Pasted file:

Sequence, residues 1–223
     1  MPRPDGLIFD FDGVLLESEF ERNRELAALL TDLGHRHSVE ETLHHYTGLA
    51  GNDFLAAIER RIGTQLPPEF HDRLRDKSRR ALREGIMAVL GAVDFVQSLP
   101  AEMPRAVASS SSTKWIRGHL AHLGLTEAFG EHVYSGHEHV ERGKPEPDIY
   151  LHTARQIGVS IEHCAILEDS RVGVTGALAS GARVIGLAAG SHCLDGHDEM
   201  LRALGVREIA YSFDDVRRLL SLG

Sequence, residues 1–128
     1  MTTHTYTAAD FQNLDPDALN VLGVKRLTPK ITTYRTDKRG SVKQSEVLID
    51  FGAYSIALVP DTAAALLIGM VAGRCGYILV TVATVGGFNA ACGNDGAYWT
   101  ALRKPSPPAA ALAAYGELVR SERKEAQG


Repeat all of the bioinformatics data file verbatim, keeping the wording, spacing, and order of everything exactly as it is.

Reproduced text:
Sequence, residues 1–223
     1  MPRPDGLIFD FDGVLLESEF ERNRELAALL TDLGHRHSVE ETLHHYTGLA
    51  GNDFLAAIER RIGTQLPPEF HDRLRDKSRR ALREGIMAVL GAVDFVQSLP
   101  AEMPRAVASS SSTKWIRGHL AHLGLTEAFG EHVYSGHEHV ERGKPEPDIY
   151  LHTARQIGVS IEHCAILEDS RVGVTGALAS GARVIGLAAG SHCLDGHDEM
   201  LRALGVREIA YSFDDVRRLL SLG

Sequence, residues 1–128
     1  MTTHTYTAAD FQNLDPDALN VLGVKRLTPK ITTYRTDKRG SVKQSEVLID
    51  FGAYSIALVP DTAAALLIGM VAGRCGYILV TVATVGGFNA ACGNDGAYWT
   101  ALRKPSPPAA ALAAYGELVR SERKEAQG